View of “Yang Jian,” 2017. Photo: Li Sen.

View of “Yang Jian,” 2017. Photo: Li Sen.

Yang Jian

View of “Yang Jian,” 2017. Photo: Li Sen.

Near the entrance of Yang Jian’s solo exhibition “Constructing Ruins,” visitors encountered a short text typewritten on a small piece of paper attached to a length of rebar. The elliptical words tell the story of a crew of workers who run into trouble constructing a bridge. The foreman, disguised as a beggar, asks nearby villagers for two sets of children’s clothes. The workers nail the clothes to a post and, suddenly, they are able to complete the bridge successfully. Soon, however, the children to whom the clothes belonged die.

This tale was among half a dozen stories printed on as many pieces of paper dangling here and there amid this show on the second floor of Taikang Space. All of these texts—collected by Yang from the internet—address the practice of dashengzhuang, or the ritual of human sacrifice for important construction projects. Dashengzhuang belongs to an era long gone, but it never ceases to grip the popular imagination, as evidenced by the anecdotes presented here.

At the opposite end of the space, a vintage television set looped a sequence from a Chinese animated film from the 1960s, in which the protagonist runs up a seemingly never-ending staircase inside a thousand-floor high-rise with no elevator. An inefficient modernist skyscraper and a premodern belief that human flesh and soul give the structure strength—which is more absurd? Inspired by the bizarre building from the animation and by his long-term research on ruins, Yang Jian has made videos, sketches, and 3-D printed miniature models depicting all kinds of impossible or comically dysfunctional architecture, from a cottage shaped like a seesaw to a room consisting only of ceilings. In order to see every work, visitors had to tread carefully through a jungle of tangled rebar, which was recycled from demolished buildings in a nearby neighborhood.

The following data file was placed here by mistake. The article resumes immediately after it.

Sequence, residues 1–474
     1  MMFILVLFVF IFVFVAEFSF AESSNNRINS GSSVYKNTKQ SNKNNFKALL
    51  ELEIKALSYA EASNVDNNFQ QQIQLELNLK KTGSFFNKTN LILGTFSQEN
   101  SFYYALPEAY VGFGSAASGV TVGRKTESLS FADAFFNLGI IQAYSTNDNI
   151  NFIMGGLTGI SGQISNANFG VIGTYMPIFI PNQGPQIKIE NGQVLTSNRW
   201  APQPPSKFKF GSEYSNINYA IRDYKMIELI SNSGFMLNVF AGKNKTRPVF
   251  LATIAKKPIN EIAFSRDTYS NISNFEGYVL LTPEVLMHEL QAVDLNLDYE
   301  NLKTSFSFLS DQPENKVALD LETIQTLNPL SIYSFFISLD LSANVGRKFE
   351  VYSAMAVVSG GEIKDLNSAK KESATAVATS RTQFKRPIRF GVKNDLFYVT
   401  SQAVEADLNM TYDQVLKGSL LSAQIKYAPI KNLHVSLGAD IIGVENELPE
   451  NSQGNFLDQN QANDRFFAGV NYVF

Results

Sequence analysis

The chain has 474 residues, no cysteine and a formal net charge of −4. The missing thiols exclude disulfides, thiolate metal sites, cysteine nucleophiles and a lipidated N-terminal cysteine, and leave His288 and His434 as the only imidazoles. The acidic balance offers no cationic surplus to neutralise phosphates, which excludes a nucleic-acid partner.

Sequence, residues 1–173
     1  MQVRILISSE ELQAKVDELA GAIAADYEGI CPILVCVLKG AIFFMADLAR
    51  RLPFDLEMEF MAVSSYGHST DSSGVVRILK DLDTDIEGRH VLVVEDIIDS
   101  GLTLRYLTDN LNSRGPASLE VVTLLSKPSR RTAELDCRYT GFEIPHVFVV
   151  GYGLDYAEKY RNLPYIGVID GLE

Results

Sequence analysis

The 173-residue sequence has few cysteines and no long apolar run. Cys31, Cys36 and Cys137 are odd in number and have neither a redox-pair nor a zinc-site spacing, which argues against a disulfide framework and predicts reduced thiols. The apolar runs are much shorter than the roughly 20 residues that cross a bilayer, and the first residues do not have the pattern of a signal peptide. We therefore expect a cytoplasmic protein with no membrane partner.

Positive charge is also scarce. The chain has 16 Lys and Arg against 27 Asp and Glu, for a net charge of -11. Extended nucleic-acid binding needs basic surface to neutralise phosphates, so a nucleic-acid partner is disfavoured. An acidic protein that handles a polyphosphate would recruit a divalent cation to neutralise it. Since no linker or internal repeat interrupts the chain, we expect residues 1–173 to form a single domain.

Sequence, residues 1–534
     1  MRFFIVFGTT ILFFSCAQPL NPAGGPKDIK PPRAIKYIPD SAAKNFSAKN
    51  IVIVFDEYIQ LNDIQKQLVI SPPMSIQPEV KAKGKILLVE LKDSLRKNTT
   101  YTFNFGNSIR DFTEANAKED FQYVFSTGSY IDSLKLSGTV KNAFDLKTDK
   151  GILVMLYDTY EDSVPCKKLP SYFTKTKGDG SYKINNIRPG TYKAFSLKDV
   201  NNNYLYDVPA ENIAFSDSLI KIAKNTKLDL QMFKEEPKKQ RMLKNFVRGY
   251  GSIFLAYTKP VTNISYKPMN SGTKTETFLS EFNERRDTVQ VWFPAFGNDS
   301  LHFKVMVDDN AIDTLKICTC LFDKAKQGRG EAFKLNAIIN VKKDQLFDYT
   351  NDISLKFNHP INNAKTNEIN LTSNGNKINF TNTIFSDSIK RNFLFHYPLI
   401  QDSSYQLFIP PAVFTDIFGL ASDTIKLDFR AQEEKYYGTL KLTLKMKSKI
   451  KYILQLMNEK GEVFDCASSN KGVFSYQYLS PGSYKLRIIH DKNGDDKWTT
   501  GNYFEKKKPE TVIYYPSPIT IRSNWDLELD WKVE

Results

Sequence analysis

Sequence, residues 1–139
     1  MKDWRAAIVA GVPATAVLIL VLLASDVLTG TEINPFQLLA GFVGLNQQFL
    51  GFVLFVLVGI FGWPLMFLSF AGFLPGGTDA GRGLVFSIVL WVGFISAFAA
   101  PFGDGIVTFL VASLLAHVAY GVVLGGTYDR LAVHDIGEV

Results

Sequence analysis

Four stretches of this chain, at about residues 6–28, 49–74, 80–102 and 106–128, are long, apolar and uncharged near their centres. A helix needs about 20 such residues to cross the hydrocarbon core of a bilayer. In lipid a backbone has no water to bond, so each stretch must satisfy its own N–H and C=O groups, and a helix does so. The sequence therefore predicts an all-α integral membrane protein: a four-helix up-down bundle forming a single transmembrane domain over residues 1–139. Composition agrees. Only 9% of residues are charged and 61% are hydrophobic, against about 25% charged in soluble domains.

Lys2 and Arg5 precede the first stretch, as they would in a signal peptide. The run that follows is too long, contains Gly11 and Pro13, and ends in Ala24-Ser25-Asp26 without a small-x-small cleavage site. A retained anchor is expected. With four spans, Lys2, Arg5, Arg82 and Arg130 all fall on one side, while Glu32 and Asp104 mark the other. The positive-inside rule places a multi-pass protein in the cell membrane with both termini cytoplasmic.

Yang is fascinated by ruins, but there’s no Romantic impulse behind his interest or any longing for an original totality lost in the present. His ruins, in the gallery’s words, “start and end at the same point.” He also refuses an apocalyptic view of history, famously exemplified by Walter Benjamin’s Angel of History, who faced backward toward the debris of progress. That may be why Yang’s work often evokes a resigned lightheartedness. His documentary project A Man Wearing the Night, 2012, focuses on the experience of a Canadian artist friend who stayed in China illegally for eight years. Here, in excerpts from the film playing on an iPad, the Canadian reads his poems on a warm summer night. Where was he? Did he adopt the vagrant life voluntarily? There’s no way for us to know. All we could see was the murky figure on the screen, whose presence under the dark night sky was—like the thoughtful works on view in this exhibition—seemingly frail, yet strangely alive.

Du Keke